Celebrating the Anniversary of a Life-Saving Brain Surgery

Hugs and hand-made cards, smiles and tears of joy. That’s how Carter Leinberger, age 8, and his family celebrated the eighth anniversary of his first surgery with Alejandro Berenstein, MD, Professor of Neurosurgery, Pediatrics and Radiology at the Icahn School of Medicine at Mount Sinai and Co-Director of Pediatric Cerebrovascular Disorders Program at Mount Sinai Health System. The procedure treated a congenital brain malformation.

The family has commemorated the anniversary every year since that first surgery in 2014, when Dr. Berenstein, a renowned pioneer in his field, performed a procedure that slowed a dangerous swelling in Carter’s brain.

“Carter had other surgeries, but we celebrate the first one because it was a huge turning point,” says Carter’s mother, Jamie. Normally, the event is low-key. “He just gets to pick dinner, and we talk about thankful we are for the doctors,” Jamie adds. This year, the family decided to do something special.

They made an appointment for September 22, then traveled from their home in Ohio to see Dr. B, as they call him. Arriving early, they went to Central Park, to the spot where they had spent hours waiting for Carter to come out of surgery. Carter and his sister ran off to play. “We never thought we’d see Carter running around on that playground,” says Jamie.

When the family went to Dr. Berenstein’s office, Carter gave him a white stuffed teddy bear with a tag reading: “You are my hero.” His sister brought a bag of Life Savers, and parents Todd and Jamie handed over a huge basket of buckeyes, symbolizing the Buckeye state of Ohio, for the entire medical team. “Dr. Berenstein is always saying it isn’t him, it’s the whole team,” says Jamie. “We wanted to honor them all.”

Dr. Berenstein was thrilled to see how well Carter is doing. “Seeing him at eight years old, having first met him when he was a tiny baby, makes every part of what we do worth it.” He sat with Carter to show him the imaging from when he was an infant. “It was his favorite part of the visit,” says Jamie.

Carter’s medical journey began in Ohio at his two-month check-up. His pediatrician noted that Carter’s skull was growing about four times as fast as it should. The pediatrician ordered an ultrasound, which showed hydrocephalus, an abnormal buildup of cerebrospinal fluid (CSF) in the ventricles deep within the brain. Then, a magnetic resonance imaging (MRI) test showed that Carter also had a vein of Galen malformation (VOGM), an extremely rare condition that had probably been present from birth.

Patients with VOGM lack the small blood vessels (capillaries) that slow blood flow from high-pressure arteries to low-pressure veins. Without the capillaries acting as a brake, blood rushes to the veins, expanding them and pooling. A blood rush to the heart and lungs can lead to heart failure. When blood floods the brain, it can cause hydrocephalus. Prompt treatment is key for VOGM; without it, fewer than 10 percent of infants survive their first year.

An Ohio hospital treated Carter’s hydrocephalus by surgically implanting a ventriculoperitoneal (VP) shunt, the standard approach. This thin plastic tube drains excess fluid from the brain into the stomach; it will be in Carter’s body, draining fluid, for the rest of his life. By getting rid of the extra fluid, the VP shunt prevents pressure from building up in the brain. Soon after its placement, Carter began experiencing seizures where he stopped breathing. The hospital intubated Carter to create a clear airway, then put him into a medically induced coma and treated him with medication. A follow-up MRI showed Carter had experienced a hemorrhage, and his VOGM had grown larger since he got the shunt.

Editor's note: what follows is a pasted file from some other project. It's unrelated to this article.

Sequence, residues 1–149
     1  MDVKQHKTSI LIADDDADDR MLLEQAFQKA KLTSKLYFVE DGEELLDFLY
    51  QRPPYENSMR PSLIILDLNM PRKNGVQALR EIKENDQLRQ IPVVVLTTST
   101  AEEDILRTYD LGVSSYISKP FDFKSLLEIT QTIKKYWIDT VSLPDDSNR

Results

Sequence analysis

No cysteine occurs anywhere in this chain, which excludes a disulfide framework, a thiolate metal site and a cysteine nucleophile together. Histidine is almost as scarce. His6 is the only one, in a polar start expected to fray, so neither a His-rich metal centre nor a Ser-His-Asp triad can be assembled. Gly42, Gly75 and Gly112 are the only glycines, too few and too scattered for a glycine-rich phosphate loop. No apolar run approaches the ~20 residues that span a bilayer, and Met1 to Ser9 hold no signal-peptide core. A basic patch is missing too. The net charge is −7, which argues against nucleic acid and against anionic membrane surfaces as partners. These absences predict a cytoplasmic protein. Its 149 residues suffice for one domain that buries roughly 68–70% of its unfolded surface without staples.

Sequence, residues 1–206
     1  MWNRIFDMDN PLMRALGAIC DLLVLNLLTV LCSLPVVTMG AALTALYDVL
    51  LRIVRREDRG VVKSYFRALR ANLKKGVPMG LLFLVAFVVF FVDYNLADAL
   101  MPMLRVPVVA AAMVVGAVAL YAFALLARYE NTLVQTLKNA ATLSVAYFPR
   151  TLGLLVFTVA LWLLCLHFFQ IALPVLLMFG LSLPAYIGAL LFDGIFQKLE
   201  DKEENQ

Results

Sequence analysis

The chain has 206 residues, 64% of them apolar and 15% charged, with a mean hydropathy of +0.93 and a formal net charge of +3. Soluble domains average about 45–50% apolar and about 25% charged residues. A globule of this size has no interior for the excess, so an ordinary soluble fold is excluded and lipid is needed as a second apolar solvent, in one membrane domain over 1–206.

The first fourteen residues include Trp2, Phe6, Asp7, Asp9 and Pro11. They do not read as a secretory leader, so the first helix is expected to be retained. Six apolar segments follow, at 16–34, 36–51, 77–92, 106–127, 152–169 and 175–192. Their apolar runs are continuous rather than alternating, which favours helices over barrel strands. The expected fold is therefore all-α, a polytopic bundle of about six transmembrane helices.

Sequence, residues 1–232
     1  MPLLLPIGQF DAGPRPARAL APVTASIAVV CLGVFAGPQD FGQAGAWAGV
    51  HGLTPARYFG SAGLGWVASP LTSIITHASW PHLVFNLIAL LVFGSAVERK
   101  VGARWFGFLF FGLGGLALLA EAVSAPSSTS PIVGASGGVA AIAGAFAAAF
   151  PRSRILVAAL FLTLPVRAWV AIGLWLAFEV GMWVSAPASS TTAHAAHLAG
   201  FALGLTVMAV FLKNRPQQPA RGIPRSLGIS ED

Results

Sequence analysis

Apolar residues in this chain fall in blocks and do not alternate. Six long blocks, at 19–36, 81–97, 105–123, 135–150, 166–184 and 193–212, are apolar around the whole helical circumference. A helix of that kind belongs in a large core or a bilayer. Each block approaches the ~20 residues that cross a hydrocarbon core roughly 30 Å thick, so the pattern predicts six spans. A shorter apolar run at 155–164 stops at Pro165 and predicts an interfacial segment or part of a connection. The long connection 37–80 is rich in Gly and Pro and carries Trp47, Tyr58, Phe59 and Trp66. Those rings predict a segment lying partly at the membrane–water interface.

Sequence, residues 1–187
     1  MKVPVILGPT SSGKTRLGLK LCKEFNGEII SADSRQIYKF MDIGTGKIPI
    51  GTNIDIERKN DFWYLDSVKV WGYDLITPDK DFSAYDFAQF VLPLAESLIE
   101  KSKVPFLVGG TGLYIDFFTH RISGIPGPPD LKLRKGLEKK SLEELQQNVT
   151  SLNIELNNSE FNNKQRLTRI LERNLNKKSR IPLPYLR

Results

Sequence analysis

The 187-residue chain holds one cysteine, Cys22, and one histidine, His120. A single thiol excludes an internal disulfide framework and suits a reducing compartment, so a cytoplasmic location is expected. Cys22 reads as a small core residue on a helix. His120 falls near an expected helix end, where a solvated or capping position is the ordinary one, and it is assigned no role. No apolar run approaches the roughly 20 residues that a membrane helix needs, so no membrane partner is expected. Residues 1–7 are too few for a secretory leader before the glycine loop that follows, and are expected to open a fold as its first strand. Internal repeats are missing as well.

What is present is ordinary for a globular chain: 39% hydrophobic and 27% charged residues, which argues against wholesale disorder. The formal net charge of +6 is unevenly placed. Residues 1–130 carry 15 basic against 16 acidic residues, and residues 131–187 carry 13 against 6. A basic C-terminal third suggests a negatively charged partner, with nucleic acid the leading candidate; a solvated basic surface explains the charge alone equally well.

Carter’s doctors in Ohio recommended endovascular embolization, a minimally invasive procedure in which blood vessels are filled or closed to prevent bleeding or rupturing. But they had little experience performing the procedure because the condition is so rare.

Todd and Jamie decided Carter needed an experienced specialist, so they did research and decided on Dr. Berenstein. Dr. Berenstein is a pioneer in the field of interventional radiology, and he has designed medical devices that are used all over the world to treat vascular, or blood vessel, conditions.

Jamie and Todd contacted Dr. Berenstein and were overwhelmed by his kindness. “He said ‘How can I help? Do you want me to work with your doctor or do you want him to come here?’” says Jamie. “Other doctors had given up on Carter, but Dr. B just wanted to help.”

Carter was airlifted to New York City, with logistical help from Michelle Sorscher, RN, MSN, CPNP, Clinical Coordinator and Nurse Practitioner at The Mount Sinai Hospital’s Cerebrovascular Center. “Michelle was so calming and helpful,” says Jamie.

Dr. Berenstein and his team inserted a thin tube called a microcatheter into the femoral artery in Carter’s leg. Using X-rays, they guided the catheter through the blood vessels to the malformation, where they injected a medical-grade glue to close off blood flow. The surgery was 90 percent effective but, as with many patients, Carter needed several procedures for a full cure. Dr. Berenstein operated again on Carter in February 2015 and June 2015. In June 2016, they achieved total occlusion—complete success. 

These days, Carter plays baseball, basketball, soccer, and touch football. “He loves school. He's a happy, happy child living a wonderful life because of his doctors,” says Todd. The family wants to share their experiences with others. “It means a lot to us to show people that having the right doctors can lead to success,” says Jamie. “We want to provide hope for other families.”